And then, labor started. Contractions regular and intense, starting as midnight drew near, needing to breathe through them and pay attention….this continued, throughout the night, with little sleep, during the day and onwards through a second night. Exhaustion was huge and the question about why things were not progressing? and still you soldiered on! Another day and evening, and then a spontaneous release of water after 48 hours, and things kicked into high gear. Active labor started and you never looked back! Strong contractions dilated your cervix and you found your groove. You got down to the hard work of birthing your baby, without complaint, without question, so calm, so intent and so intentional! The questioning, uncertain woman who expressed doubts during pregnancy was nowhere to be found. In her place, a strong, powerful woman, loose, fluid and laboring. Internal and composed. Accepting and strong.

And when things were at their most intense, you looked inside and found strength to advocate for yourself and your daughter. During the most vulnerable, most intense, final hours, you were composed and grounded! I listened and watched as you found your voice, in a way that few women do, ever in their life, never mind at 9 cm in labor! I was and continue to be in awe of your actions and thoughts and your conversations with your health care providers, speaking your mind and your intent. You are woman who can do anything! I hope that as you reflect back on this experience, you recognize how powerful and capable you are! Your daughter should grow up knowing what a strong, capable woman her mother is, and how lucky she is to have you as her mom.

Thank you for letting me support you and watch you in all your glory, as you brought forth your daughter! I am in awe of your power! Thank you!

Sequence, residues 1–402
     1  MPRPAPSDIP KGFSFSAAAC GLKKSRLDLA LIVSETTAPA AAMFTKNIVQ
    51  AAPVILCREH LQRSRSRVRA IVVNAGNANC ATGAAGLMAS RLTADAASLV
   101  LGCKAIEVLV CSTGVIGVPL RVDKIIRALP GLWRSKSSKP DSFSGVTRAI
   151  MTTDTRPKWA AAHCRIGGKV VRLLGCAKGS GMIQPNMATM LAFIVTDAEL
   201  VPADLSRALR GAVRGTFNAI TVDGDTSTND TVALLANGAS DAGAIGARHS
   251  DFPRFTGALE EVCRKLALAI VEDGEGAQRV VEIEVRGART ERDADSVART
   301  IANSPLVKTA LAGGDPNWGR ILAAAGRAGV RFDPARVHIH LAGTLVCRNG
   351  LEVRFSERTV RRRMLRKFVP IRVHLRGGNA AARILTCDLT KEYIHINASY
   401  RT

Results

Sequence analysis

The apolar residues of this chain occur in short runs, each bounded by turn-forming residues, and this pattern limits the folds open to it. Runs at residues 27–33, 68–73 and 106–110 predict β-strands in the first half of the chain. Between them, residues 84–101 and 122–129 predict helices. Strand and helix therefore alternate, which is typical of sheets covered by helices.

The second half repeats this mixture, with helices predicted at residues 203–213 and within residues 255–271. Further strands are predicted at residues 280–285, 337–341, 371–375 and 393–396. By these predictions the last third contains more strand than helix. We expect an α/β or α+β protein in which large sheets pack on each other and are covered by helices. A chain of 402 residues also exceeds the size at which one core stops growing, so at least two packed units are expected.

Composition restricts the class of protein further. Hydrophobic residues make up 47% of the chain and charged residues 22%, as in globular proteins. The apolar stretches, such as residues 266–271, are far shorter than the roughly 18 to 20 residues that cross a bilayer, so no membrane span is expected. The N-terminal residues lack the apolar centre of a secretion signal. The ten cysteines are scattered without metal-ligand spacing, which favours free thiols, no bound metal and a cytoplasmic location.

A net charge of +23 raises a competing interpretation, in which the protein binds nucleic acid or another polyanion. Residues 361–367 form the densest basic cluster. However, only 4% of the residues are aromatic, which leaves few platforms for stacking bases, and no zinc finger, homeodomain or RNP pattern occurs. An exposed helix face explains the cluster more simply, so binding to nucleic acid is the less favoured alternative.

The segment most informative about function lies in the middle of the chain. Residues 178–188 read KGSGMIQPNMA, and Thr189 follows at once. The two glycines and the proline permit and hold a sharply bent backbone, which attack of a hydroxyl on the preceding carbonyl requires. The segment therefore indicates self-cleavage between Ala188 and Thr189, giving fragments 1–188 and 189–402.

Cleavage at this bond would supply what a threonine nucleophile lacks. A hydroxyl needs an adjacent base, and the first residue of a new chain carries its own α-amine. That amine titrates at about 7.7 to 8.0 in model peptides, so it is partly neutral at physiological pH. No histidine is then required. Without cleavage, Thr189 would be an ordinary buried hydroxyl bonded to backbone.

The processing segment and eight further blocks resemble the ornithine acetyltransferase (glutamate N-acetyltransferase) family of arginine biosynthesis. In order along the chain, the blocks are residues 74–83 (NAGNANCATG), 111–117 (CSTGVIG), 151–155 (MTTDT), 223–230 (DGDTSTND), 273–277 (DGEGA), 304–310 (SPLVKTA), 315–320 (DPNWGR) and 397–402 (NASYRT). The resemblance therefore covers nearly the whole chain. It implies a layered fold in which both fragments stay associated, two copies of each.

Warmly,
Sharon

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I am so excited about the news that The Transparency in Maternity Care Project: The Birth Survey results are now available to everyone! You can search this dynamic database for information on all the providers (OB, CNM, LM, Family Practice) and birth locations specific for your area! You can read how women who have given birth in the past three years at these locations and with these providers rate their satisfaction in many categories! And you too, can rate your provider or birth location as well, sharing the information on your own personal experience. This is just so powerful, that I am giddy with excitement! Consumer information and ratings on maternity care by provider and location is a long time coming. Now, women and their families expecting a baby can make provider and facility selections based on knowledge and information that is current and reported by other consumers with recent experience with those providers and facilities! resultssurveyreport1

Information available includes:

The consumer reviews just launched include:

– Overall ratings and recommendations for birth facilities and care providers
– A seven-item set of questions on providers’ interpersonal and communication skills
– Facility intervention rates
– Information on finding good care.
– A national average of ratings is also displayed to provide comparison with individual ratings.

If you looking for a provider or birth location go here, and click on connect to check out the survey results.

And if you have given birth in the past three years, take a few minutes to share your experience here, by clicking on the share link, so that others may benefit from your recent birth experience. link_pages_survey

I think this is really big, and maybe the beginning of change, women sharing information so that others can make informed choice! A huge thanks have to go out to The Coalition for Improving Maternity Services (CIMS) for making this possible. Check out their fantastic website just jam packed with important information for expectant families!

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The Waiting Game

Being a birth doula involves waiting. Waiting for babies! Babies who come in their own sweet time! Babies who have their own secret, internal clock that we mere mortals can only hope to understand! Here I sit. On call! I am usually on call. I am on call for most of the year, probably 48 out of 52 weeks. What that means is that at any time of day, or night, I can expect a phone call from a client telling me she needs me. Or telling me she doesn’t need me, but just wants to update me. Come now. Come later. What that means is that my phone is always on and always close. What that means is that I need to always be sure to get enough sleep, go to bed at a decent time, so that I can be ready for a 1 AM phone call. I am waiting now. A woman will be asking me to join her soon! This I know, as she is now admitted to a local hospital for an induction after spontaneous rupture of membranes in the pre-dawn hours of yesterday! And no labor, as of yet, so a push to get things rolling. Hopefully, a gentle push. hourglass1